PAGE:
I got to page 256 of The Geeks Shall Inherit the Earth by Alexandra Robbins before I quit. I liked Robbins' strong storytelling, but couldn't stand how she beats the reader over the head with the same facts already discussed 50 times in previous chapters. I guess she, or her publisher, must be of the mindset that the denser the arguments, the more important they must be. It didn't help this book.
Because it's Friday, I decided to pick my next book at random. Except for my stacks of presidential books in the living room, and my Las Vegas and bedside stacks in my room (The latter full of books I want to read right away, with "right away" always a relative term, but as long as they're there, always reminding me of that, then there's a chance I'll get to them soon enough), no other stacks of books have any particular order. Completely random, some having been constructed based on when I got them in the mail, or that I put them at the top of one stack because I wanted to read them right away, but then they got lower in that particular stack.
On top of one stack pressed against a Disney-themed comforter still in the sturdy plastic packaging, I noticed Treasure Island!!! by Sara Levine. I had put The Geeks Shall Inherit the Earth in the Goodwill box, I wasn't ready to continue FDR by Jean Edward Smith, and it being Friday, some randomness not only could be part of Friday being a free-feeling sort of day, but could shake out the cobwebs in my writing. Treasure Island!!! it was.
I'm still surprised at what I've read so far. It's about a college graduate with an English major who doesn't have much of a future in any avenue of her life, who works at The Pet Library, which loans out pets for a certain period of time, who reads Treasure Island and decides that her life should have that kind of adventure, that daring, that swashbuckling, even. She's foolish, self-centered, mostly oblivious to the feelings of others, but what a character to have in a novel! Imagine Sarah Silverman, but with only a tiny sliver more tact. I've got a little less than halfway to go, and I'm already wondering when Sara Levine's next novel will be out. She writes like I would like to all the time, with boldness and fearlessness that never lets up. It can be done, I think, but Levine makes that work. It's about boldness and fearlessness in service to her characters and she does it so well.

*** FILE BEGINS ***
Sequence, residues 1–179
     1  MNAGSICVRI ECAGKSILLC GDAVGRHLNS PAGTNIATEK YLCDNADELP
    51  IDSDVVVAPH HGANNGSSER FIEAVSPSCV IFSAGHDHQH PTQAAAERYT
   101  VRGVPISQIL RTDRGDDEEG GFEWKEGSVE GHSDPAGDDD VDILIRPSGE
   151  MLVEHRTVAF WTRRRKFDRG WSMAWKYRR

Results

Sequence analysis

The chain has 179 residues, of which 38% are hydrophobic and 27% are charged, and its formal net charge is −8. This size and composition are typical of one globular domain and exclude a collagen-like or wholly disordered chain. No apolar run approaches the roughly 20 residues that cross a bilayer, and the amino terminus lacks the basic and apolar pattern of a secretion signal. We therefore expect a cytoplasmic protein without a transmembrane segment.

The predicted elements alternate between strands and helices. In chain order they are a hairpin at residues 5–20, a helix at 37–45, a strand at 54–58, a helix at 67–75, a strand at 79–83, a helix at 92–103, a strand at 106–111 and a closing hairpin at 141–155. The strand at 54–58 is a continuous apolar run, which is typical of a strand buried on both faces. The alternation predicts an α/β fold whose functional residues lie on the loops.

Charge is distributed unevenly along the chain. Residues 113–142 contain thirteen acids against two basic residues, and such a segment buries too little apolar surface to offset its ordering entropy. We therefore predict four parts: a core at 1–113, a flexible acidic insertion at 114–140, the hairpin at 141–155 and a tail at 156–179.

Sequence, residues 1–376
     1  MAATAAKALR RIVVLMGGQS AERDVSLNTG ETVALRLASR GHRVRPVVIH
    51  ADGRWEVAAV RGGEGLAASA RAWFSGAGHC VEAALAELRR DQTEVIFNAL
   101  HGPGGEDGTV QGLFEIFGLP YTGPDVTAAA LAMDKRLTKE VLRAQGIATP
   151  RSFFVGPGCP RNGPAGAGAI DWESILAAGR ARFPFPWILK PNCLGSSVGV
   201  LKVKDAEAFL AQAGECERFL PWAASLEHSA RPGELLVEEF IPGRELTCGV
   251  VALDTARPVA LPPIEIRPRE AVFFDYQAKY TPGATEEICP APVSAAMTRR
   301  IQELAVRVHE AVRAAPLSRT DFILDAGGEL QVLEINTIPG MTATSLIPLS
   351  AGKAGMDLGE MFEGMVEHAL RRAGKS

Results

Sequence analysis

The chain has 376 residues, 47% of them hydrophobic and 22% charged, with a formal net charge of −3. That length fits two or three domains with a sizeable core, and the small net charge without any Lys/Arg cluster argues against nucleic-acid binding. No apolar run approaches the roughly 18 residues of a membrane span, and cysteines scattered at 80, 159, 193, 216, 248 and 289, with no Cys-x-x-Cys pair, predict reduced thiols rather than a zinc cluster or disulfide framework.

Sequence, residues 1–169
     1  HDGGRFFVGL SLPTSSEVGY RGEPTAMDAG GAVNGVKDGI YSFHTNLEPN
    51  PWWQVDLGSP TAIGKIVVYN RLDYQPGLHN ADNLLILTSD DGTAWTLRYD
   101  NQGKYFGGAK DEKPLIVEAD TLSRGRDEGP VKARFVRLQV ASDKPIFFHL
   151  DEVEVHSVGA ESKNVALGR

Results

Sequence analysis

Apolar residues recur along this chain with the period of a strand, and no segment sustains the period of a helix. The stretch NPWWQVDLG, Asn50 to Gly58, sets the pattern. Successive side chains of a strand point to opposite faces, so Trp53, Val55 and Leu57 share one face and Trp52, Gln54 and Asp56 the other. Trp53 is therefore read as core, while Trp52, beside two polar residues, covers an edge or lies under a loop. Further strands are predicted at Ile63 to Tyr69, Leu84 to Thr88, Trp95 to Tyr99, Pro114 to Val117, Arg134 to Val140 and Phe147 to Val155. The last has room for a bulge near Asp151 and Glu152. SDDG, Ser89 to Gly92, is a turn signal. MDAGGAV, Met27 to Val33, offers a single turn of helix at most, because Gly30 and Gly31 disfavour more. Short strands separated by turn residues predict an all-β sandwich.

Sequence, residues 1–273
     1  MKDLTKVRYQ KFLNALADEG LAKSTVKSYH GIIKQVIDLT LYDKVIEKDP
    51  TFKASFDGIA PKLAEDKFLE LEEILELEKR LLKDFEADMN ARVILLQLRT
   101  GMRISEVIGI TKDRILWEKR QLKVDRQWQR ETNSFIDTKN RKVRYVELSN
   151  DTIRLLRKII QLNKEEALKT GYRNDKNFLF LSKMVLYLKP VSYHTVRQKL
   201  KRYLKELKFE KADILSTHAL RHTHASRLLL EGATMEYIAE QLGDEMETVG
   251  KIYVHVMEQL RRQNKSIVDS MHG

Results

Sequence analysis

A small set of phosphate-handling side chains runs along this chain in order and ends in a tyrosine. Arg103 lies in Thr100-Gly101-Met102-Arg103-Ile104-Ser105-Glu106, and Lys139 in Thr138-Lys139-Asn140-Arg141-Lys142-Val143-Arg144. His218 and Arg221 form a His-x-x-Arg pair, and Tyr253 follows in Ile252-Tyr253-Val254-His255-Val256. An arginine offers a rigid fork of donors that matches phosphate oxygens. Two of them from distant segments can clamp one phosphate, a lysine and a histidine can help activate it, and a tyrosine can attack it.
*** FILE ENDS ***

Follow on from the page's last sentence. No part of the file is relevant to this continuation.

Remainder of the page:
I read the back flap of the book, about who Levine is, and amidst so many other credits that should merit her many more book deals because her writing's so good, I found out that her writing was featured in The Touchstone Anthology of Contemporary Creative Nonfiction: Work from 1970 to the Present. Since I will be working in nonfiction for years to come, I also want to read as much of it as possible and that title sounded interesting.
I looked it up on Amazon, and the cover looked familiar. I went to my room, to the second shelf under the top of my nightstand, and found it. I think I bought this when I was considering writing a journalistic novel that took place in one day at a theme park. It turned out to be far too ambitious for me then, but I kept the books I had bought as research/inspiration, and this was one of them. There are essays in it, memoirs, and journalism, and I think I've found my weekend reading. I'll use this as a segue back into my research full-force. I had a dream last night about interviewing George Kennedy for my book, and I came up with questions I hadn't even thought of while awake. It's time to get back to work, and this book will certainly prime the pump, after I'm done with Treasure Island!!!